Tuesday, April 23, 2013

Valuing values.

I've just read The best career advice you'll never hear at a graduation speech by William MacAskill and found it particularly interesting given some of the well publicised sayings that will supposedly lead you to the job of your dreams.

Follow your dreams
Do what you love
Set goals and stick to them
Have a five year plan
The world is your oyster
Dream big and success will come your way
You could do anything you want

So much advice, yet so much of it is confusing and often conflicting. And what of the people who simply don't have goals, don't know where to start, don't know what interests them at all? They chop and change, feeling inadequate and unsettled as if they're deliberately being difficult by rudely flouting received wisdom. After all everyone else seems to know what they're on about, they've set GOALS, have made beautiful dream boards - in fact they have a PLAN.

In reality, not everyone is going to make it big, no matter how many wishes they make, no matter how bright and colourful their dream boards. Some of those who do "make it" will find they're still empty inside, but don't know what they're seeking.

MacAskill talks about doing something meaningful or valuable:
What it does mean is that you should start finding out what’s valuable, and get help working out the ways in which your career can make for a better world.
In my experience, not everyone is interested in, or able to focus on making the world a better place - it's too big to comprehend. There's so much to do, but you don't do anything because it's overwhelming and you have no idea where to start. However, when we focus on what we value and what we can do in our own little corner of the world it becomes more achievable.

Some years ago, I worked with John the accountant. John was in great distress as he told me he hated his job. There was nothing for it but to retrain, but how would he do this with a mortgage and family to support? He wanted to work in medicine. He dreamed of helping people and supporting them through their illness, but instead felt doomed to an unfulfilled life with periods of being bitterly unhappy. He was completely demoralised and felt his family was suffering as a result of his misery.

After a while it became evident that it wasn't accounting he hated with such passion, but the company where he worked. He was privvy to some of their ways which didn't sit well with him.  The company didn't act ethically or in the best interests of its clients or the community in which it was located. He valued honesty and integrity. He wanted to be proud of the company he worked for. He valued his family and wanted more balance in his week rather than working long hours and being on call 7 days a week.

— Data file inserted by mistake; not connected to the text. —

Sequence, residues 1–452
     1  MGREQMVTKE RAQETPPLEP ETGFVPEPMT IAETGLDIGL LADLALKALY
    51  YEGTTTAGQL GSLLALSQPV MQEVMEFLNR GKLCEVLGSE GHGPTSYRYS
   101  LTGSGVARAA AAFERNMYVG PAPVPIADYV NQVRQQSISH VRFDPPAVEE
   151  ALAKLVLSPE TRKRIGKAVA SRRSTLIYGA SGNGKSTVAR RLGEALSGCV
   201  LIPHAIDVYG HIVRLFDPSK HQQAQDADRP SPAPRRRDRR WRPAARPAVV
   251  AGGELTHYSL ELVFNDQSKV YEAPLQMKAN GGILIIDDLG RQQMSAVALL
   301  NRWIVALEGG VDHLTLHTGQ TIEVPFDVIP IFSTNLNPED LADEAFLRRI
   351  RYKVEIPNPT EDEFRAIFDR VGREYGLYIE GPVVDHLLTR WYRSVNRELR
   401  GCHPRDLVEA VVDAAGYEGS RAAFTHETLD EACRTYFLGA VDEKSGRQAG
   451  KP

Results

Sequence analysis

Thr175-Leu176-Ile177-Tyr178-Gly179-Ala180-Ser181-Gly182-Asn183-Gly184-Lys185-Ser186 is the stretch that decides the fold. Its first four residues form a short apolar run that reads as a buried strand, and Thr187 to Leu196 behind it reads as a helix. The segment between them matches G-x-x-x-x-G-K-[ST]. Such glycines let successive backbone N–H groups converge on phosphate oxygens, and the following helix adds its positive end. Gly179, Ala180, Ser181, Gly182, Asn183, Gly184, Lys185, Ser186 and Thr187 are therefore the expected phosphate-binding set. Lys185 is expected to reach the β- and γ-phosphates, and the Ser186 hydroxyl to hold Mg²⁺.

We talked around his core values and needs (there's more about values here) as well as his skills. Discussions like this can sometimes feel unsettling; we're not used to talking about what's deeply important to us, so we're hesitant and unsure. We feel the way cautiously. It can also seem like you're circling round the issue and as if it's not really related to your career - but it is! Making career decisions based firmly on your values is life affirming - the outcome doesn't have to be grandiose or world changing to be of value in your corner of the world.

Career exploration based on values is not what the "received wisdom" at the top of this post supports. You're not starting with wishes, or dreams or goals. You're starting with self knowledge, and an understanding of your unique blend of values and skills. You're starting with you, and what's important to you as an individual. It's not the quick fix mix and match: "if you are good at xyz, then this career will suit you".

Once John stopped focusing on his anger and the distress he experienced at being expected to act unethically and being unable to change the situation, he was able to see that he genuinely enjoyed accounting. Allowing space and time for the negative feelings to rise and be accepted without fighting them was an important step in the process. That negativity was clouding his judgement and colouring his attitude towards his profession.

Retraining wasn't necessary! John brightened up considerably as he realised that working as an accountant for a doctor, a medical testing laboratory, or in a hospital would support his values and make use of his original training.

And whilst job hunting, cold calling, writing letters of application and making your resume sing aren't always the most beguiling of pass-times, when they're conducted with a view to supporting your core values it feels like your time is well spent and your decision will be based on a solid foundation.


Tuesday, April 9, 2013

What is career development and coaching?

I received the following question last week and thought that my response (extended for this post) could be interesting for those whose experience of career counselling is a ten minute appointment with someone at school when they were in year 10 discussing work experience, or during year 12 when they were granted a few rushed minutes to discuss "life" plans and their post-school options.

The question:
What would you advise an ex cop, local government councillor and youth worker who wants to be in the social and environmental development industry?

My answer: